Get Ready for Fall Allergies 1It is that time of year again. It is September  and schools are back in session. And, the fall allergies are starting to creep up on us again. Some people are asking,“What is in the air?” Our answer is weed pollen, and, more specifically, ragweed. Ragweed and the various weed pollens usually start pollinating at the end of August and will continue pollinating until the first frost, which is usually in October or November. Ragweed is a member of the daisy family. In Arkansas, the ragweed species, Ambrosia artemissifolia, is most commonly found. It is an annual weed found growing along roadsides and in fields. It can grow 12-16 inches tall. Some ragweed species, such as giant ragweed, can grow up to 6-8 feet tall.

Ragweed releases its pollen airborne. Its pollen is very small, between 20-50 microns in size. This pollen can float long distances without reaching the ground.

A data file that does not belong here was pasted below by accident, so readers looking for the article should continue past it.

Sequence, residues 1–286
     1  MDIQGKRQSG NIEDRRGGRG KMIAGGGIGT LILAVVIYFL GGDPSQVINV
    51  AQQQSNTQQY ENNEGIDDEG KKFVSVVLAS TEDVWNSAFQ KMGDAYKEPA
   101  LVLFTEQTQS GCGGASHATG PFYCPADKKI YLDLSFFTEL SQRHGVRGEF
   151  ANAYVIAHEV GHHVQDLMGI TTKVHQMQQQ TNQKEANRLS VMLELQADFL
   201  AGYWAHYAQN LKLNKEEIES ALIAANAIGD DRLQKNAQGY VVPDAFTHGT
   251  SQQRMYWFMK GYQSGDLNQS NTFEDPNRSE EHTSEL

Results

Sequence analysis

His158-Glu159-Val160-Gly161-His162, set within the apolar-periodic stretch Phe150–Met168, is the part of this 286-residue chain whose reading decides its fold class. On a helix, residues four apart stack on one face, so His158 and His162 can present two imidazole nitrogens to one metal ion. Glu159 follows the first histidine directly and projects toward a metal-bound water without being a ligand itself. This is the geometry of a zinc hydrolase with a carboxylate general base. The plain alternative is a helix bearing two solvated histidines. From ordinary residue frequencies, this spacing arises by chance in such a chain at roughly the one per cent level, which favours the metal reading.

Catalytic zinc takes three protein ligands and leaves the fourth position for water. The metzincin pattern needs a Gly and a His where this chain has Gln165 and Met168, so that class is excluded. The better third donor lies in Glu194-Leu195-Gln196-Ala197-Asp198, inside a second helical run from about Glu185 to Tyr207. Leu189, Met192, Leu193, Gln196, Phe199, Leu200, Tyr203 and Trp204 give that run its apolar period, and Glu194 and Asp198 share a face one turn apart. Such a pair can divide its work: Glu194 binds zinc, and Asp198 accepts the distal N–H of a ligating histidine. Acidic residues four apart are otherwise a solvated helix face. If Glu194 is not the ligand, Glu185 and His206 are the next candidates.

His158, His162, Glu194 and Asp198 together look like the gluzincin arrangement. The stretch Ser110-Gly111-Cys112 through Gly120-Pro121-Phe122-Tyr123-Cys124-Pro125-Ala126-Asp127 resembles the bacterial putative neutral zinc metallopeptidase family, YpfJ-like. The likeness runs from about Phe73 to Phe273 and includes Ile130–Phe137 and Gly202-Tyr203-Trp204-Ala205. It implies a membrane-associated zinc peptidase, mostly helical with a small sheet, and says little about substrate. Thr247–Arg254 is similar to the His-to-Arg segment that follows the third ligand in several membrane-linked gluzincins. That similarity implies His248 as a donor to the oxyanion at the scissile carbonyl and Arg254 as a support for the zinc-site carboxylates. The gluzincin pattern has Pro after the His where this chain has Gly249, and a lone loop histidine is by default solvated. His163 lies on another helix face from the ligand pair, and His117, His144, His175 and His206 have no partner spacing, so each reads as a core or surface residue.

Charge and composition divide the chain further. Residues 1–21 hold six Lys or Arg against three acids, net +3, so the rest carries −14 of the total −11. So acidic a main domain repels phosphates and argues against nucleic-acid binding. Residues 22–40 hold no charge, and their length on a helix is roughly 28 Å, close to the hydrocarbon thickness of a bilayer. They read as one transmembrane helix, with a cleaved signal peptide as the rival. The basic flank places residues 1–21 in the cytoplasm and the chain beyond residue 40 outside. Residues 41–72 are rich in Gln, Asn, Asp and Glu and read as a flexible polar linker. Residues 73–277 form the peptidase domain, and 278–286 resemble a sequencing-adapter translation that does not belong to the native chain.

When an allergic person inhales the pollen, their symptoms occur. Typically, our immune systems are designed to defend our bodies against allergens. However, if you have allergies, your immune system is sensitive to the allergens. This causes symptoms such as sneezing, itching eyes and nose, and nasal drainage and congestion.

If you have allergy symptoms this time of year, you may have seasonal fall allergies to weeds or molds. As a board-certified allergist, I can discuss your symptoms and offer allergy testing to determine what specific allergies you have. Treatment options include symptomatic relief with OTC antihistamines and nasal steroid sprays. Allergy injections can offer symptomatic relief and also help alter the disease so that symptoms are alleviated all together. If you are interested in finding out what is causing your symptoms and getting started on an effective treatment regimen, call our office today at 501.673.3030.